The acclaimed Israeli writer explains why his latest collection of short stories took him 10 years to write
You wouldn’t mistake an Etgar Keret short story for the work of anyone else. A typical piece will run to just a few pages, will be colloquial in style, and will juxtapose everyday life with some bizarre turn of events. In “Unzipping”, from his new collection Suddenly, a Knock on the Door (his first for 10 years), a woman discovers, while her boyfriend is sleeping, a “teensy zip” under his tongue: “When she pulled at it, her whole Tsiki opened up like an oyster and inside was Jurgen.” In “Pudding”, a man is dragged from his home by thugs, stripped, dressed in school uniform and then deposited at his parents’ house, whereupon he finds he has regressed to his childhood.
Keret’s stories often read like bar-room anecdotes or surreal jokes that break off before their punchlines. They are at once sophisticated and anti-literary, extremely funny and slyly serious. While invariably set in contemporary Israel, and full of sex and violence, they also hark back to older storytelling traditions, such as the parable, the folk tale and the absurdist fictions of Gogol and Kafka.
Keret, who was born in 1967 and grew up in Tel Aviv, is sometimes described as being at the forefront of a “new” kind of Israeli writing, one that eschews head-on engagement with politics. While the region’s turmoil saturates his work, his stories convey no clear message or ideological position. Keret explains this by telling me that, as a writer, he feels more Jewish than Israeli. “Most of the Jewish writer friends I have are American and I feel closer to them because they’re always obsessed with one issue – identity: what does it mean to be an American Jew?” Israelis, he says, rarely deal with the question of what it means to be Israeli. “Maybe it’s too difficult, but they tend to suppress it. There is something about Jewish writing that’s very reflective, while Israeli writing is more active and epic in nature.”
Keret attributes his adherence to a Jewish outlook to the fact that he grew up with a “dual identity”: a sense of being European as well as Israeli. “I’m the son of Holocaust survivors. It was important for my parents to pass as Israeli-born Jews. But when I would go to sleep, my mum would recite Polish poems and they would listen to Wagner.”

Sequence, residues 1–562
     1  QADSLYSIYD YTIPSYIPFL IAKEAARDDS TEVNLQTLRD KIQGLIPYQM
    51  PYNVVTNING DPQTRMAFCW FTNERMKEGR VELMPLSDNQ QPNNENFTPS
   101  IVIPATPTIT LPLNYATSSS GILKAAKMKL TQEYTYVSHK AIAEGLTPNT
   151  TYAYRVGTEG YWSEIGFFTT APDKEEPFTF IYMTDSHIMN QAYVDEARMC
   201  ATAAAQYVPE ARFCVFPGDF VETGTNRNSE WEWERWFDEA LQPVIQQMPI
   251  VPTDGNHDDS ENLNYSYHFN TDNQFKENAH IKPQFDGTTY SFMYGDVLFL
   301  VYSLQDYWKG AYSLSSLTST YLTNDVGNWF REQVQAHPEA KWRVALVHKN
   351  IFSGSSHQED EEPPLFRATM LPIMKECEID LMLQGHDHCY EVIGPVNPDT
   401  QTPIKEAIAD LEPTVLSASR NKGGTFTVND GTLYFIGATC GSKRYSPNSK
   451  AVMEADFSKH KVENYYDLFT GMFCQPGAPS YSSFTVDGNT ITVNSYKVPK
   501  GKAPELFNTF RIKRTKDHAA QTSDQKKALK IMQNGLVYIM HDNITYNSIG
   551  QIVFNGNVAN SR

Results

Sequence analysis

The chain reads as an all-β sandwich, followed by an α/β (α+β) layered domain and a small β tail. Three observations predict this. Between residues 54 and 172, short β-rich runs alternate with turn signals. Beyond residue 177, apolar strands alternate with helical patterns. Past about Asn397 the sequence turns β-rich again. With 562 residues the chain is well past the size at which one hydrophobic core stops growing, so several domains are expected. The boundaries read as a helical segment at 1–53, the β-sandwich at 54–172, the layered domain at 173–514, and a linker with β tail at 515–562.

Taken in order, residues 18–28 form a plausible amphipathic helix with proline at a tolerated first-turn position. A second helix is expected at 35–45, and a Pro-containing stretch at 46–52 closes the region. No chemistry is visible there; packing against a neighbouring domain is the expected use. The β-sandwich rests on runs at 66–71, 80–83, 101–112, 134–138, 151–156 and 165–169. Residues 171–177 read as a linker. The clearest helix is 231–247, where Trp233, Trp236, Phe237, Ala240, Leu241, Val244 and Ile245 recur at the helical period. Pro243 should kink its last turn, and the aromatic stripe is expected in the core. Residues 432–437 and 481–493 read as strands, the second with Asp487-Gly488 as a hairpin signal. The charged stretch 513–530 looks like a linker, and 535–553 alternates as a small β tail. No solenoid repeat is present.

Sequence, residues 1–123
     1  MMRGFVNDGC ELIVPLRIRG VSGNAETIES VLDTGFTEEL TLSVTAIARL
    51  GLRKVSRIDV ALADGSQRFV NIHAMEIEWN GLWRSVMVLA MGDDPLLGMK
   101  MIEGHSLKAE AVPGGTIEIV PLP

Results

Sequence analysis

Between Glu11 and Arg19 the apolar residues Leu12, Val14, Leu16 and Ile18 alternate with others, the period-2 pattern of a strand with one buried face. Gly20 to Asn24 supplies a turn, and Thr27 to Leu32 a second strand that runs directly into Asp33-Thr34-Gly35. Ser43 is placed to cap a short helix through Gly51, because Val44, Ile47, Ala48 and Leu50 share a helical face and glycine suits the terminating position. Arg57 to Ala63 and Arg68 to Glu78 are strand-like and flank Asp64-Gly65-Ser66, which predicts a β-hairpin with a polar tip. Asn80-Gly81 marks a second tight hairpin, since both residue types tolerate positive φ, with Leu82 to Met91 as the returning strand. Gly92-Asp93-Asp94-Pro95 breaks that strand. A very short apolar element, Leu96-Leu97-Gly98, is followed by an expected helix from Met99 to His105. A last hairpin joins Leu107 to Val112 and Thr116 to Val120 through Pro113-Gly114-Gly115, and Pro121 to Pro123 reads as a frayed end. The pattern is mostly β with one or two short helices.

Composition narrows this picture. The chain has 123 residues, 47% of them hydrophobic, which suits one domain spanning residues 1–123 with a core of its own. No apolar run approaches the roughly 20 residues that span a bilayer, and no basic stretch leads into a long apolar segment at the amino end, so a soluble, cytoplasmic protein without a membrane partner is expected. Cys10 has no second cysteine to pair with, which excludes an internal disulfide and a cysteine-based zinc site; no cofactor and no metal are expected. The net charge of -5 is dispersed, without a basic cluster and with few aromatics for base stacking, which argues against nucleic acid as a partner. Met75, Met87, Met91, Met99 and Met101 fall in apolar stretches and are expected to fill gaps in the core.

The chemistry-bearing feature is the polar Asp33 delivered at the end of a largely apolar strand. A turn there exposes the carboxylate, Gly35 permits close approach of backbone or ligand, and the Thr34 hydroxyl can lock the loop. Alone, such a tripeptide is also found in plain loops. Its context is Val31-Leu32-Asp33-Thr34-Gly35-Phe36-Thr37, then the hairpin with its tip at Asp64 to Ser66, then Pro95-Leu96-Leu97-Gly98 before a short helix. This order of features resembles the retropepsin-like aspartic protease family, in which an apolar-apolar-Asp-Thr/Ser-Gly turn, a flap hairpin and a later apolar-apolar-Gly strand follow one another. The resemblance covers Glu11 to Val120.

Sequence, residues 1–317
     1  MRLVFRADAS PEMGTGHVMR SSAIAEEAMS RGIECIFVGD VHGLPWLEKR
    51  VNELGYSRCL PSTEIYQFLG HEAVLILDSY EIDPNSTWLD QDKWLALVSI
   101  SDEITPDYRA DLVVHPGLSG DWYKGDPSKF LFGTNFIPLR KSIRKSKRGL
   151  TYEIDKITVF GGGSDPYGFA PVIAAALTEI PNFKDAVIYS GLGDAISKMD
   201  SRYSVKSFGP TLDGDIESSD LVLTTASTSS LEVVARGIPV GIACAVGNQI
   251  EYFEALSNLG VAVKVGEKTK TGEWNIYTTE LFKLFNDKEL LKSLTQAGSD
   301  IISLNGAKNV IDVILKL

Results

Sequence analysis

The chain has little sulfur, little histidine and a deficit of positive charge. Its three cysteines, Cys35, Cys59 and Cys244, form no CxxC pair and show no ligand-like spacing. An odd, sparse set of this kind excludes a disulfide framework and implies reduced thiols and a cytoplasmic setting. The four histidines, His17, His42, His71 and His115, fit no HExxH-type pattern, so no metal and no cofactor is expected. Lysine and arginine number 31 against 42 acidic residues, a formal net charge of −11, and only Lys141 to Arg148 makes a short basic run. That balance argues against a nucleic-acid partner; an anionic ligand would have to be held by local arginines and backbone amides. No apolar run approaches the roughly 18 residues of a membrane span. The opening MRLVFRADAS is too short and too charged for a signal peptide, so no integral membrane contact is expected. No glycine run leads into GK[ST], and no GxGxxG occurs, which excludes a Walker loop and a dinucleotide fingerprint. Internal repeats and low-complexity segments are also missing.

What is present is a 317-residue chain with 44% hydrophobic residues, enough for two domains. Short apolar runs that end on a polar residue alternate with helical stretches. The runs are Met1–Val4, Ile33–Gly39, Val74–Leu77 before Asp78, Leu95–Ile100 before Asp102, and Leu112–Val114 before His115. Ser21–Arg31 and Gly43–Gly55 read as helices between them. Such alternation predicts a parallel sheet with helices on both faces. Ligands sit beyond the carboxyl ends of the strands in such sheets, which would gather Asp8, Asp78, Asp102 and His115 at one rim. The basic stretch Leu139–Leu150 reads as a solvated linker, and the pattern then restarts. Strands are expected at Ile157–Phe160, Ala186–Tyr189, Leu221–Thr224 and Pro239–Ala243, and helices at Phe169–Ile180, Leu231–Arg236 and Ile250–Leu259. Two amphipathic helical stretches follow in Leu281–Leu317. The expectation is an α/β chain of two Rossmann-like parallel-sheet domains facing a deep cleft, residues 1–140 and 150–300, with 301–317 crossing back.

In person, Keret is relaxed, charming and very funny. Spending time with him is like entering the world of his stories: suddenly, everything seems slightly off-kilter, full of comic potential. We meet at a private members’ club, and before we sit down there’s some kerfuffle over tables. “People are so territorial here,” he says. “It’s worse than the Middle East.” Keret says that stories often begin for him with an observation: a scene on a street, a snatch of conversation. “I don’t think in terms of ideas. I have some sort of starting point. And I never know where the story is heading.” He likens the process to driving: “The first thing I have to do is press the gas pedal and take my hands off the wheel. If I crash, maybe I’ll get to somewhere interesting. It can’t be premeditated.”
One of the funniest stories in Keret’s new collection is “Actually, I’ve Had Some Phenomenal Hard-Ons Lately”, about a businessman who’s having an affair with a colleague. The thing that satisfies the man most about this arrangement is that, when he takes his mistress for a “candlelit dinner”, the cost is tax-deductible. Keret says the story was triggered by overhearing someone use the title phrase in a cafe.
“It struck me as such an amazing sentence. What’s interesting is the word ‘actually’ and the word ‘hard-on’ used together. Because there’s something about ‘hard-on’ that’s so primal, so instinctive, while ‘actually’ is such a meta, linguistic kind of word.” The resulting story was a kind of imaginative working out of this clash. “The cheating is the ‘hard-on’ bit, while the tax is the ‘actually’,” he explains.
Suddenly, a Knock on the Door took a decade to write, partly because of Keret’s increasing involvement with the world of film and partly due to writer’s block. “What happened was that my life changed a lot: I got married, I had a kid, a mortgage. I kept having ideas for stories, but they were about bachelors living in a dirty apartments, trying to get laid.” It took time, he says, to find a way to write that was relevant to his new circumstances. Although Keret now makes light of this period of non-productivity (“The funny thing was that no one gave a fuck”), the title story of his new collection is eloquent testament to how difficult it must have been. It describes a writer being held hostage in his living room by a gunman, a pollster and a pizza delivery man, all clamouring for him to tell them a story. The writer can’t think of any opening, other than: “It began with a knock on the door.”
The story is vintage Keret, a parable about creativity that blends his travails with larger questions about the status of writers in Israel. Happily, it ends well: the writer finds a new way to begin.
from William Skidelsky